During the recently completed third quarter of 2016, the Department of Justice (“DOJ”) resolved two matters and the Securities and Exchange Commission (“SEC”) resolved ten matters. Financial penalties and disgorgement ordered in these actions exceeded $487 million. The disparity in the number of cases being brought by the two regulators is not surprising as the SEC has a lesser burden of proof, and in most of the cases being brought by the SEC, the charges are focused on violation of the internal controls and books and records provisions of the FCPA and not on the substantive bribery charge, which is much harder to prove.
In addition to the continuing trend of companies using third-party intermediaries to make illegal payments, the cases also involved the provision of improper gifts, travel and entertainment, as well as charitable contributions. Additionally, this quarter contained the first FCPA case against a hedge fund and a case in which a whistleblower was improperly impeded in his efforts to communicate with the SEC about alleged FCPA violations. In imposing sanctions in several of the cases, both the SEC and DOJ referenced company’s cooperation efforts and DOJ specifically referenced the standards outlined in the FCPA Pilot Program.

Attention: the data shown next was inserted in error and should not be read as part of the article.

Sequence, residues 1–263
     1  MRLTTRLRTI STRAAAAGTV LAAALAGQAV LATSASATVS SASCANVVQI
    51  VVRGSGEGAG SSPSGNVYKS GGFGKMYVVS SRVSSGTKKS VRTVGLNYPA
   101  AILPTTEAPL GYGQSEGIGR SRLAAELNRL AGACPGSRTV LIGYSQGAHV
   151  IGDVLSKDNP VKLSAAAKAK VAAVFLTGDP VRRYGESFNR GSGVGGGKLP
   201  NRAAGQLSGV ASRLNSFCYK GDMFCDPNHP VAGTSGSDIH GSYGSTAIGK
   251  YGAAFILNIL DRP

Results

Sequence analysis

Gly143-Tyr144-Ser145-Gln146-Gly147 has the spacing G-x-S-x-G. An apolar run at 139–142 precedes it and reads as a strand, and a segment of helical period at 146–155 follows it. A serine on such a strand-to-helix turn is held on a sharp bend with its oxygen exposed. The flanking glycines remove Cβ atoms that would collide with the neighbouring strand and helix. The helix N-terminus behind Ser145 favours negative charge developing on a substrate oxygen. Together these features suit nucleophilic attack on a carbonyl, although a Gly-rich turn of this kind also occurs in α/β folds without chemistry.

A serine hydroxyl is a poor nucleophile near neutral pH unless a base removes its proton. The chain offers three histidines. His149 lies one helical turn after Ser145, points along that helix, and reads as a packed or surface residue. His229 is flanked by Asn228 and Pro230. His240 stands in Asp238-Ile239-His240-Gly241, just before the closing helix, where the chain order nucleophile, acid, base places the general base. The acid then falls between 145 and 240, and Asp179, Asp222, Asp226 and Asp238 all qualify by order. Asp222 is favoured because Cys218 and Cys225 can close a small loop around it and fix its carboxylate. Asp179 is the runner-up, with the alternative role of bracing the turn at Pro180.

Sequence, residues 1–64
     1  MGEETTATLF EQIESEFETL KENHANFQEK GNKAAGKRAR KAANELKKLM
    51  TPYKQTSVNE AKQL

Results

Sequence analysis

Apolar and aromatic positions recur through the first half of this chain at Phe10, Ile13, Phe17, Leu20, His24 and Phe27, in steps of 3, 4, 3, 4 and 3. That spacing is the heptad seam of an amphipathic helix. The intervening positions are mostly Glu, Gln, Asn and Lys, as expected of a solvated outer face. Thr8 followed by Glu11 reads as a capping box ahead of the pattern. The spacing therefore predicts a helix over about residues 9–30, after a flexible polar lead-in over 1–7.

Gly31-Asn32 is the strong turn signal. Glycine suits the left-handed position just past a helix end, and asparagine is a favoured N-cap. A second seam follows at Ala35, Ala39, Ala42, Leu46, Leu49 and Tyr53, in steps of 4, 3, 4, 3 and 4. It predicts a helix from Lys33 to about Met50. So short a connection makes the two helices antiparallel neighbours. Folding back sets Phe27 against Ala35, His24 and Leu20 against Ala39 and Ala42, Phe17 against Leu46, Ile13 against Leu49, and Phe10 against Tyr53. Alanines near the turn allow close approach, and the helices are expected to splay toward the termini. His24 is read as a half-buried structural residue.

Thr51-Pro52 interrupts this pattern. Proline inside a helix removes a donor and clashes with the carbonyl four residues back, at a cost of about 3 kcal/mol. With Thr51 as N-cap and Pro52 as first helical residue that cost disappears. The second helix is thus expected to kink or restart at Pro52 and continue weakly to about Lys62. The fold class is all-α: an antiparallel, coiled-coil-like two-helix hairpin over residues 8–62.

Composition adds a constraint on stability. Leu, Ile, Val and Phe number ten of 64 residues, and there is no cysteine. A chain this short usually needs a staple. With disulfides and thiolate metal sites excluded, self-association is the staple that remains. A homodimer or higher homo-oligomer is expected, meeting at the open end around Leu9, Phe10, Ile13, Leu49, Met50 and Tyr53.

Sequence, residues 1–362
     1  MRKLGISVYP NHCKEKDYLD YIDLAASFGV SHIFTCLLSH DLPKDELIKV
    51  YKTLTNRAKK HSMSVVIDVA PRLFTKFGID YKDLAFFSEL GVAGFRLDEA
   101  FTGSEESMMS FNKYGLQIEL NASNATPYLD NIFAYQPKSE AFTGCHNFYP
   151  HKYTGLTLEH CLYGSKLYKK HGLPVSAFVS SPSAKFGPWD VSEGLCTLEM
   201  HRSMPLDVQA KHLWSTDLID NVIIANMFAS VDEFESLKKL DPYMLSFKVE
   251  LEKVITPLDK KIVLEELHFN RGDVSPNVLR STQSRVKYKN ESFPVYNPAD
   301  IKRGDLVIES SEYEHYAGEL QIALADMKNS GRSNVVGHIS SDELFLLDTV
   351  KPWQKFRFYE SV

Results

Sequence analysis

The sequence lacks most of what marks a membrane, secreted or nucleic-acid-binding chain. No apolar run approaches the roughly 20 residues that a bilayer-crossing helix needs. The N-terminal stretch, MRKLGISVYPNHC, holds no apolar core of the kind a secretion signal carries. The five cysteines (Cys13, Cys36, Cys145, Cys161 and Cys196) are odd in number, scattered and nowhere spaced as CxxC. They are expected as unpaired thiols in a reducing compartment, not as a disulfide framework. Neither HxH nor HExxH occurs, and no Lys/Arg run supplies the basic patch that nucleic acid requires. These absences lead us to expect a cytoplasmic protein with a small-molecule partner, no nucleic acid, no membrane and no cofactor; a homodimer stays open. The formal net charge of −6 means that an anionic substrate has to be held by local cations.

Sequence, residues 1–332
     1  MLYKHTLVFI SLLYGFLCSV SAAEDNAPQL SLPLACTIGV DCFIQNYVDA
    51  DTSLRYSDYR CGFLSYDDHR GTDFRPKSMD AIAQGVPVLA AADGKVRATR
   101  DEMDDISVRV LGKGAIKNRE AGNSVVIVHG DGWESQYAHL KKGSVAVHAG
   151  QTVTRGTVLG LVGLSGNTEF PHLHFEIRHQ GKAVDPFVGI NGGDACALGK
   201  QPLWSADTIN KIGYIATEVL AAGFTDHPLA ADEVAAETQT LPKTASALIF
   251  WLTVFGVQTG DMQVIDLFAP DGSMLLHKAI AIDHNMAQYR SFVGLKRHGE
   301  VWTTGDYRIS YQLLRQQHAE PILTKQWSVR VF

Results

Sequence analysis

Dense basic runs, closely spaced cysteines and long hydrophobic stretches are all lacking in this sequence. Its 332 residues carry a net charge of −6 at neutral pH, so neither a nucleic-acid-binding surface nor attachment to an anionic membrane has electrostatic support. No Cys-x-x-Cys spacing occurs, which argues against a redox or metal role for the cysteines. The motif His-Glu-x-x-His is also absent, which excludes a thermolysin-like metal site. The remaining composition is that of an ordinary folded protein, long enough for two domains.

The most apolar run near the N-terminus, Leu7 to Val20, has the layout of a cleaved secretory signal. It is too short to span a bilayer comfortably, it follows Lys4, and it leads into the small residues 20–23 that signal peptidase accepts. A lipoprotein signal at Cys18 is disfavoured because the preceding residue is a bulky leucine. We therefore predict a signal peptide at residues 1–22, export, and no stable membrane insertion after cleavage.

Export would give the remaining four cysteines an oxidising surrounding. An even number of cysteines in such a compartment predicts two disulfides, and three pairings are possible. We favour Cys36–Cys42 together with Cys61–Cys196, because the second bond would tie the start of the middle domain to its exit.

Finally, statements by U.S. and international regulators made clear that enforcement of anti-bribery and corruption regulations will continue and that the authorities will make every effort to protect whistleblowers, promote international cooperation, and use deferred prosecution agreements to resolve matters.